We were all thrilled to learn that Anne Shields has written a second children’s book, Shoo!, which also has her own watercolor illustrations on every page. Shoo is an annoying crow who turns his worst trait into his biggest asset and helps the zookeeper find his shoe (get it? homonyms are introduced to kids).
Anne says she had always been interested in writing children’s books. Three years ago she took a class called Children’s Picture Book Writing and–voila–two books! Both Shoo! and Missing Pumpkin (see earlier post) grew out of writing exercises that were part of the workshop.
In creating Missing Pumpkin, Anne used a few words from a workshop exercise, including ladder, pumpkin, truck, and a boy named Edgar. Somehow she turned those words into an entire story about an orange cat who runs away to a pumpkin patch.
“The hardest thing is getting started, then the imagination comes in,” she says. “Things flow.” Easy for her to say! And she doesn’t even like cats!
Another group exercise yielded this concept: What if a shoe blew away in the zoo? From that Anne got a 32-page story about a crow. Go figure.
Before she painted the zoo animals for Shoo!, Anne went to the National Zoo to sketch some animals. But they just wouldn’t stand still for their portraits, so Anne gave up the en plein air approach to pandas, giraffes, and monkeys and used photographs as her models.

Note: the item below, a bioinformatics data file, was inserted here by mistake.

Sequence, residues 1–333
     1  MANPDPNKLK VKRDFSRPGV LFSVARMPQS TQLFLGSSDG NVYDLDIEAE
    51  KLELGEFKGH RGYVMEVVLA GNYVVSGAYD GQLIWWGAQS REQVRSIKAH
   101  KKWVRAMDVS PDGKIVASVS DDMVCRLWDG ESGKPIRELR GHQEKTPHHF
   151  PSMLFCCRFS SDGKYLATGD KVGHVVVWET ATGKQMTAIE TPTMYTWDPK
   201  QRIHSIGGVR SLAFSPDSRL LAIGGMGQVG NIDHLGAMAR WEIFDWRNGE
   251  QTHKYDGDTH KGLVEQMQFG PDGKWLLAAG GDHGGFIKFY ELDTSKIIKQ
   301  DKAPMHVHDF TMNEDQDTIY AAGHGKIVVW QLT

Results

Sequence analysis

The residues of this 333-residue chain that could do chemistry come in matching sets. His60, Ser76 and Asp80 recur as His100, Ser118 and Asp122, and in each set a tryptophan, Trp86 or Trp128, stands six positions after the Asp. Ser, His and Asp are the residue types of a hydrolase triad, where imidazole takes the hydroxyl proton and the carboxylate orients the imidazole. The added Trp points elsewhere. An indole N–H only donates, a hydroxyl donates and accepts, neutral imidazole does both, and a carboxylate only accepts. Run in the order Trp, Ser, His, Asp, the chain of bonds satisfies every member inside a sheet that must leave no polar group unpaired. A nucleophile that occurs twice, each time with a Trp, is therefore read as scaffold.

Early zoo watercolor that Anne didn’t use in the book
New zoo watercolor that is now in the book.
For an illustration of fireworks in Shoo!, Anne pulled out a painting she had made in the Wednesday Studio several years ago, when Gina Clapp had taught everyone the watercolor pouring technique. It was easy to superimpose the black Shoo on it–and a handsome crow he is! Lesson learned: Throw nothing away.
Fireworks made with watercolor pouring technique. Shoo made the regular way.
If you’re thinking of writing your own children’s book, Anne passed on several principles she learned in the workshop:
For the early-reader category (four-to-seven year-olds), the fewer words the better. Never more than 1,000 words (Shoo! is 300).
Just as adult novels do, children’s books must have conflict. Perhaps unlike novels, the conflict must be resolved (Pumpkin goes home; Shoo becomes a hero).
Never write “down” to kids; they are just as intelligent as we are, they just don’t have the same level of experience.
Don’t make grown-ups significant characters–make children (or animal depicted as characters) central.
While the reading level must be basic, using simple words, it’s OK to introduce a few complicated words. A main purpose of books is to teach children.
Anne took all those lessons to heart. On that last point? Shoo has a raucous voice.
Both Shoo! and Missing Pumpkin are available from Amazon.
Share this: New blog post from the Wednesday Studio